Having run San Diego 100 in early June, I was still somewhat on the mend by the time States weekend came rolling around. Not my favorite place to be—in limbo land after a 100; and not really dedicated to any real structured training for fear of injury and/or burnout. I wanted to try and truly absorb SD100, while still having enough in the bank to have a decent Tahoe Rim Trail 50mi event in mid-July, before returning to true structured training in August. The plan has worked out pretty d*mn well, as plans go.
Amanda and I spent some more time relaxing, and binge watching a lot of HGTV shows like “Love It or List It.” before returning back to Sonoma County and starting the early stages of the moving process. Vacation went by too fast but I was getting fired up for TRT50. Always exciting thinking about that next event on the horizon…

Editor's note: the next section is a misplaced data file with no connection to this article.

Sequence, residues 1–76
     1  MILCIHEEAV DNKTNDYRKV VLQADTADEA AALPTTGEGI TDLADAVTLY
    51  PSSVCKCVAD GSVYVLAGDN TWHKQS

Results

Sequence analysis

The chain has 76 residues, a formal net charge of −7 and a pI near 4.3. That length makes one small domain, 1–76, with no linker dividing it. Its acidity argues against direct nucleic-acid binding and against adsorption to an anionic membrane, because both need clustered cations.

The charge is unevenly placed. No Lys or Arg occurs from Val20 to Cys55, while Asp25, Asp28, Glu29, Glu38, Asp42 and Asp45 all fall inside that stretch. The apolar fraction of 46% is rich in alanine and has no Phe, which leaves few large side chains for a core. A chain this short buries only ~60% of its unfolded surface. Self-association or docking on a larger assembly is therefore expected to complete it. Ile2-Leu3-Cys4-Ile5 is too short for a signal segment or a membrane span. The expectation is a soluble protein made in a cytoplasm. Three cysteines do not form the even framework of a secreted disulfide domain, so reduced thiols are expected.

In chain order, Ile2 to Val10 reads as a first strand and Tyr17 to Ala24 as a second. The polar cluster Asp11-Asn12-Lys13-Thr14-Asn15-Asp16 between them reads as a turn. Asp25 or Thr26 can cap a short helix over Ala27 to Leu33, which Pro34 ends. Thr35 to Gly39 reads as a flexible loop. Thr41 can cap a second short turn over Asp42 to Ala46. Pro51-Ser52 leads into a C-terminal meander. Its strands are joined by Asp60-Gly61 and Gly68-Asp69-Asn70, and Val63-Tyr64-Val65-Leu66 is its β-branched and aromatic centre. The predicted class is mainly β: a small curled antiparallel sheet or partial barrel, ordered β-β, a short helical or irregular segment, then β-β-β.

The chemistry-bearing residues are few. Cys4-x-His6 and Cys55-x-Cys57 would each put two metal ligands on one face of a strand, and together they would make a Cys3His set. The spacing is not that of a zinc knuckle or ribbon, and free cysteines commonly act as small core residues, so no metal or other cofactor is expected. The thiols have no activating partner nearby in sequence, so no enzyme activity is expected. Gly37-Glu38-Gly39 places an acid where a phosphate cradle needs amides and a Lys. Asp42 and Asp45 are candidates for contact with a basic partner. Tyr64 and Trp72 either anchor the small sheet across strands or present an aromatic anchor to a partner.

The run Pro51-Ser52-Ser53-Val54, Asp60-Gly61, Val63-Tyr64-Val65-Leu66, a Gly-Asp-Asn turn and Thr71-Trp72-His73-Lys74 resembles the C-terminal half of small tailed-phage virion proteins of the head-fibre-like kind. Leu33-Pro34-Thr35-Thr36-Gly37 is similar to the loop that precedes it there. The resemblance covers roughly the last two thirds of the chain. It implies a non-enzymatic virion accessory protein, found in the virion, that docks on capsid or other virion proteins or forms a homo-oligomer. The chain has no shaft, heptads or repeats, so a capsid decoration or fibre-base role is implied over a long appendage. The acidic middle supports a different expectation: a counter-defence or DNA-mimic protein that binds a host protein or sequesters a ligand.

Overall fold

With San Diego 100 in early June and Run Rabbit Run in mid-September, I found myself nursing a serious case of FOMO around mid-May, regarding the Tahoe Rim Trail (TRT) runs in mid-July—a seemingly great time to squeeze in a hard 50-miler. From a training standpoint, I just wanted to use TRT 50mi as a means to an end—maintaining my race/base fitness for the 100mi training coming in August. The 50 gave me the opportunity to see this great event from a lot of different perspectives.
Since I was recovering from San Diego 100, naturally, I couldn’t put in the specific prep for a 50-miler that I would otherwise. I figured I could get away with running this tough 50 on SD100 fitness as well as some scattered quality efforts I’d conducted between SD100 and TRT50.
Having run TRT100 four times, it was certainly a treat to only have to make one loop of this challenging course. I showed up early to the start and saw the 100-milers off in the dark, being somewhat nostalgic for my runs in yesteryear. An hour later we were off in the 50mi and I zoomed up the trails with the two leaders of the 55k. Why not? I’m just out here to have fun, and keep my mental game sharp. I can keep this pace up, right?